I first noticed the difference when tiny white flakes floated across the screen.
I was using an Epson Home Cinema 5040UB, one of the first 4K home projectors (it costs a cool $2,999). Big spoiler alert here, and I mean a big one, but I was watching the show Stranger Things on Netflix and the white flakes float down from an alternate universe, a sure sign that something was amiss. You can’t see the intricate cross-section of each flake, but it doesn’t matter, because on a normal HD television at 55-inches, those flakes are barely noticeable. My “screen” was about 12 feet wide and those finer details made every brilliantly crafted episode seem even more surreal. I remember thinking: 4K is the only way to watch this.
Then, I watched a long-jump competition at the 2016 Rio Olympics. Kudos to DISH and NBC for making a 4K channel available that seemed to dispense with any of the goofy broadcaster merriment and showed, in crisp 4K resolution, the athletes jumping right… toward… you in full color glory. I actually flinched once or twice when the sand sprayed at me and finally, at last, after all of this time, felt 4K was worth it.
What’s changed since the last time I wrote about this technology? In some ways, it’s been a few fits and starts. I’m still not sure what Amazon is doing with their 4K streams because they still look grainy and lifeless. There are quite a few glitches still, which I’ll explain in a bit. Yet, like Stranger Things, you get lost in the moment, blissfully unaware that multiple gigs of information are flying at you when you duck out of the way with every bat swing, blood splatter, and awkward teenage kiss.
Part of the brilliance of 4K is the size. I’ve tested dozens and dozens of projectors over the years, but this is the best one by far. It’s no contest. My entire wall filled with (again, major spoiler alert if you haven’t seen the show) a strange faceless creature with claws. With normal HD projectors, you lose some of the quality at this size, and there’s a strange pixelization and graying that occurs. 4K maintains the integrity. When I tested 4K last November, Netflix probably hadn’t figured out how to make 4K look so smooth or maybe the 4K television I was using didn’t have the processing chops to keep things so smooth. I wasn't that impressed, but that's changed.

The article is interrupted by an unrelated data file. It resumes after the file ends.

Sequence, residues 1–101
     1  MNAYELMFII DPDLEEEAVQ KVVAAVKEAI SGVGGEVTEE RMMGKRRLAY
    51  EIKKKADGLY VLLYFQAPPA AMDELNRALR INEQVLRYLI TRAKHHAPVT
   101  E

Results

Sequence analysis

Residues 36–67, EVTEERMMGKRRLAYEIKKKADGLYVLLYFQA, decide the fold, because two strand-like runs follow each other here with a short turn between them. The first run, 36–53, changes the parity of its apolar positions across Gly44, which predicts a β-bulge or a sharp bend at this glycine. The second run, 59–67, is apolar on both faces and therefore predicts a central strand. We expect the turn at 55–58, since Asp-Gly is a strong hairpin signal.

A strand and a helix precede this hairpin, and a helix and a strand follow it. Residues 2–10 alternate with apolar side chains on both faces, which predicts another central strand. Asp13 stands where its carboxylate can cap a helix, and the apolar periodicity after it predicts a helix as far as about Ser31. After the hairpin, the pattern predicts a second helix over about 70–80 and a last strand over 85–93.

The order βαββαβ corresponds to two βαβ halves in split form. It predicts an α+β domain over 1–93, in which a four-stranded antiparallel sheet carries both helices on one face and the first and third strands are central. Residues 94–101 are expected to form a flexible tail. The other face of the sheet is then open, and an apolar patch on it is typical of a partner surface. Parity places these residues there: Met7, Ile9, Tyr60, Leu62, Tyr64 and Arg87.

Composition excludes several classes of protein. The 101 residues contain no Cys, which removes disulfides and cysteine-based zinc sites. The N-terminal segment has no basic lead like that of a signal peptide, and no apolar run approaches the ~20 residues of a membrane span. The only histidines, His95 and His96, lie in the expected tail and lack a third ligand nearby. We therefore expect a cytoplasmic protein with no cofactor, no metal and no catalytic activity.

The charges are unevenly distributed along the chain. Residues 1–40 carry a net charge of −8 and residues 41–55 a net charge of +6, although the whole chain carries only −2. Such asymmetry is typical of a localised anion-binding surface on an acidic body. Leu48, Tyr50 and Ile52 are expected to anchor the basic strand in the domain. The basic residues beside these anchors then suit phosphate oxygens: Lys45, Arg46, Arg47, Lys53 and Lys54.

Importantly, there also wasn’t as much 4K content available. Rio played for two weeks in 4K showing swimming matches, bicycling, wrestling, and everything in between all day long. I recorded everything so I can go back and watch the U.S. basketball games or that one volleyball match against Serbia. The DISH Hopper 3 never had any stuttering problems and, since I started with a fairly clean storage drive, never filled up unexpectedly. I can easily imagine what 4K will be like now, for the first time, after watching the Olympics every day without any problems.
There were only a few minor setup issues this time. One is that I didn’t realize my older Sony receiver doesn't support HDCP 2.2, which is required for 4K video. (Last time, the Yamaha receiver I had in as a loaner worked fine.) I had to run an RCA cable to my Sony receiver from the Hopper and connect an HDMI cable directly to the Epson projector. I also re-tested the NVIDIA Shield Android TV and had to stream music over Bluetooth to a wireless speaker. For my next test, I plan to upgrade to a newer receiver or use a soundbar and subwoofer directly from the Hopper 3.
I'm still not impressed with many of the streaming services like Vudu and Amazon because the 4K content is so slim. Yet, I can see some glimmer of hope. If more sports channels were in 4K, if DISH offered more 4K movies, and Vudu had a much wider selection (at a lower price), I'd be sold. I plan to watch more of the Netflix shows in 4K and can only assume that the major networks will eventually start offering their fall shows in 4K at some point.
There's some hope here, even if Stranger Things ended with a bit of a thud. (Seriously guys, please try to resolve these things better.)
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